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NEW YORK (
) -- "While President Obama deserves a lot of credit for his handling of the oil spill, he should look at the problem like an investor," Jim Cramer told the viewers of his "Mad Money" TV show Wednesday, as he outlined what he would've said in last night's address to the nation.
Cramer said Obama has done a lot of the right things, and said a lot of the right things last night, such as forcing
to post a bond for its liabilities, calling the disaster an "ecological nightmare," and vowing to fix the corrupt bureaucracy. But he said, Obama could have gone a step further.
Cramer said he would've started with an apology, saying that he's sorry for trusting BP. He said the government should have known that the spill was a lot larger than BP initially led on. Cramer said if the well was indeed spewing 5,000 barrels a day, as BP claimed, that would've meant BP was only making $200,000 a day in revenue, hardly worth their while given the cost, and risks, of a rig that size.
Cramer said he would've first put in a call to Andrew Gould, CEO of
, a company with the experience needed to properly assess the problem. He would've also immediately assembled a panel of retired oil execs, who would've known that a "top kill" approach won't work at pressures that high.
Finally, Cramer said he would have concluded his speech with a more realistic energy policy. Windmills, he said, just aren't going to cut it. He said the country needs a transition fuel like natural gas. Natural gas is cleaner, cheaper and the infrastructure to produce and distribute it is already here. Best of all, he said we're sitting on the world's largest supply of it.
Cramer said natural gas is the only fuel that can help us bridge the gap to renewable energy, and while we work towards that goal, natural gas creates jobs, creates a cleaner environment, and helps us towards energy independence.
Cramer spoke with Senator Ted Kaufman (D., Del.) about his efforts to reform the markets to avoid incidents like the "flash crash" on May 6.
Kaufman said the May 6th incident was not the only one. He said there have been other "bungee jumps," where stock prices dive then recover, or spike then recover.
He cited the stock of
, which on June 2 plunged 35% in six seconds, or the stock of the
, which just today inexplicably doubled before returning to normal.
Kaufman said the problem lies in high-frequency trading, which in the last four years has blossomed from 30% to 80% of the markets' overall trading. He said this high volume, non-transparent and unregulated market must be looked into before America loses its credibility with investors.
Kaufman said the two things that make America great are its democracy and capital markets. Withh investors already believing the markets are not a level playing field, this problem will lead to "a death of a thousand cuts," if it's not addressed immediately, he said.
Cramer agreed with Kaufman's assessments and commended him for his work at meaningful market reforms.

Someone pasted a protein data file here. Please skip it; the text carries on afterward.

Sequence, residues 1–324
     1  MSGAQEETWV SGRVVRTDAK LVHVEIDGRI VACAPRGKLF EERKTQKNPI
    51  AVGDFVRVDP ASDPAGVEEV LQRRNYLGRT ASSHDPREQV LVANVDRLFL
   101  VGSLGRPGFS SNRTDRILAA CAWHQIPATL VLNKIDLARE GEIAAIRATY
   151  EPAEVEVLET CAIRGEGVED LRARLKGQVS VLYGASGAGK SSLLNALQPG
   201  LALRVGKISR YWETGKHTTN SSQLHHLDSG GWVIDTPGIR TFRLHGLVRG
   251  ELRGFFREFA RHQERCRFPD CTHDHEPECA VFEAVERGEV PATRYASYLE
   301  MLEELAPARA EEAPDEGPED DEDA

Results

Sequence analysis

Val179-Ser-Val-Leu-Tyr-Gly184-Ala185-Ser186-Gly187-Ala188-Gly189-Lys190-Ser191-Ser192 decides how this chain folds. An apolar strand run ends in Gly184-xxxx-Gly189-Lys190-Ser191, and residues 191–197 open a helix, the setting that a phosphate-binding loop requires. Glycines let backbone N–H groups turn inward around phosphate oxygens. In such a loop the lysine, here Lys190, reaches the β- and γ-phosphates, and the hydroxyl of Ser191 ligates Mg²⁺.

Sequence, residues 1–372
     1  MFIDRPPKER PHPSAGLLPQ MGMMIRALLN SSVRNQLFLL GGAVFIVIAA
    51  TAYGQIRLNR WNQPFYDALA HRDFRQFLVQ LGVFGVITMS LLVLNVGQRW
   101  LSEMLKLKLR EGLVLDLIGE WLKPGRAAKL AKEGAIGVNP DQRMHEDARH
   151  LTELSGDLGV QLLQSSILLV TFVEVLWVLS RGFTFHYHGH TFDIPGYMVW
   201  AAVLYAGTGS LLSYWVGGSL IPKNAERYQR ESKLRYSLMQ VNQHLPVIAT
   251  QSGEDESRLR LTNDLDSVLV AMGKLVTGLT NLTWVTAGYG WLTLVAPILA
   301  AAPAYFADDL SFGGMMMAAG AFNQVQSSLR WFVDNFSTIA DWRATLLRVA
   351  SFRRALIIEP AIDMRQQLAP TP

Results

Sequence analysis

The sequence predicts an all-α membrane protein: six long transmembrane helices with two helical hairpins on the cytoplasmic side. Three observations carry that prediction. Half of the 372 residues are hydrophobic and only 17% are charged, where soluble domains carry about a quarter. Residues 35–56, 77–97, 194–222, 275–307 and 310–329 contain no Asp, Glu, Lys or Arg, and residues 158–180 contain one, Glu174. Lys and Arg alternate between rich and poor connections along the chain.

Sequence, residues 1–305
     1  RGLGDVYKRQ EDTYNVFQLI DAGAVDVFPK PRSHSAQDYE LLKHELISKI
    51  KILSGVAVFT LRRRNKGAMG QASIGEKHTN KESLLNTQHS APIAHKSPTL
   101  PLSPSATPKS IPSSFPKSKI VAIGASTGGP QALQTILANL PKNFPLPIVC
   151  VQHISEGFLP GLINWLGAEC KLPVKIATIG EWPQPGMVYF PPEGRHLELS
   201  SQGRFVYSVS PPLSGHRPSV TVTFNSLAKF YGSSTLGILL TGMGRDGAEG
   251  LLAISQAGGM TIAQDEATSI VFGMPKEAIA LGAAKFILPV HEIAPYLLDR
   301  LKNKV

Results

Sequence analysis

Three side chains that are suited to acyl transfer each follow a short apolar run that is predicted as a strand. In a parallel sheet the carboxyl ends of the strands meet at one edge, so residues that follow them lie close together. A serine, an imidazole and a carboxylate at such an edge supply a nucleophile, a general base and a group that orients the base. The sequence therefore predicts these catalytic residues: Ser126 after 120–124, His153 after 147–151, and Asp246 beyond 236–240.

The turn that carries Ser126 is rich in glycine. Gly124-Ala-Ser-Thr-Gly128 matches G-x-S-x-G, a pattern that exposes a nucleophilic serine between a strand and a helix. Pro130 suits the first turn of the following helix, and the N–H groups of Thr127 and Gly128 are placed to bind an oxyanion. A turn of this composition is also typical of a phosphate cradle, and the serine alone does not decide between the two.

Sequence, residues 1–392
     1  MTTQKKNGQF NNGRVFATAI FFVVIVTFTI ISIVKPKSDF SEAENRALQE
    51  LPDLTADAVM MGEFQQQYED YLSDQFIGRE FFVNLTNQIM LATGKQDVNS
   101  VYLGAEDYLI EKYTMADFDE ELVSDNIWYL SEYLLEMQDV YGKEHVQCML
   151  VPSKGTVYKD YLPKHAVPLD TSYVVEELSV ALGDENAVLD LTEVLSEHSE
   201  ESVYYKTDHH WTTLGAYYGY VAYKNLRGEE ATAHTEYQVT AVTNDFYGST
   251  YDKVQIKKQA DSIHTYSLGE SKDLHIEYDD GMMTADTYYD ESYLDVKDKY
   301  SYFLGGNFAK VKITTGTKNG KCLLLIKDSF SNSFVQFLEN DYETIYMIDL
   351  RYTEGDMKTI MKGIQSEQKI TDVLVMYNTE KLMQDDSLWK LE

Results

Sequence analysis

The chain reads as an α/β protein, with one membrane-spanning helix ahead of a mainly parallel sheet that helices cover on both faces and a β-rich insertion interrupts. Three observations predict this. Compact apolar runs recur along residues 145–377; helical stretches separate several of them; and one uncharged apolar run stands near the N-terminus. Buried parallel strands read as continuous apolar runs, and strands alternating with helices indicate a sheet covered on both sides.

In the "Executive Decision" segment, Cramer spoke with Jason Rhode, president and CEO of
, which is riding high on the mobile Internet tsunami.
Rhode attributed his company's success to "focus." He explained Cirrus traditionally has had a hard time weeding through the hundreds of great ideas their brilliant engineers come up with, but lately the company has stayed focused on doing just a few things really well.
Rhode also said the company's "fabless" model allows the Cirrus to choose the best technology for each chip it designs, rather than being stuck with a single factory or production method.
When asked about the company's exposure to the smart power grid, Rhode said that power meters have been a great business for the company, and thanks to President Obama's endorsement of smart energy, the business is really taking off.
Rhode also noted the company's exposure to the car audio market, where Cirrus makes power amplifiers that help make you car sound even better.
Cramer said Cirrus is one company that continues to deliver results. He said at $15 a share, the stock isn't done going higher.
Cramer spoke with Jen-Hsun Huang, co-founder, president and CEO of graphics chip maker
,for yet another read on the much hated technology sector.
Huang admitted that the market is very antsy over concerns for Europe, and that the entire technology sector is trading horribly at the moment, but, he said, "this time will pass," as the fundamentals at Nvidia are terrific. He said the company continues to focus on the three-pronged approach, including visual computing, parallel computing and mobile computing.
Huang explained that Nvidia has high performance chips for mobile applications, and while
is able to build all of their own chips for the iPad and iPhone, most other companies can't, which is why Nvidia exists.
Circling back to the European issue, Huang said there are concerns over demand and exchange rates in Europe, but again, he sees multiple growth drivers at the company, including consumer, enterprise and even supercomputing, all of which are stronger than the weakness in Europe.
Cramer said if you back out the $3 a share in cash Nvidia has, it's an $8 stock, and that is just way too cheap for what you're getting.
Cramer was bullish on
He was bearish on
-- Written by Scott Rutt in Washington D.C.
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At the time of publication, Cramer was not long any stock mentioned.
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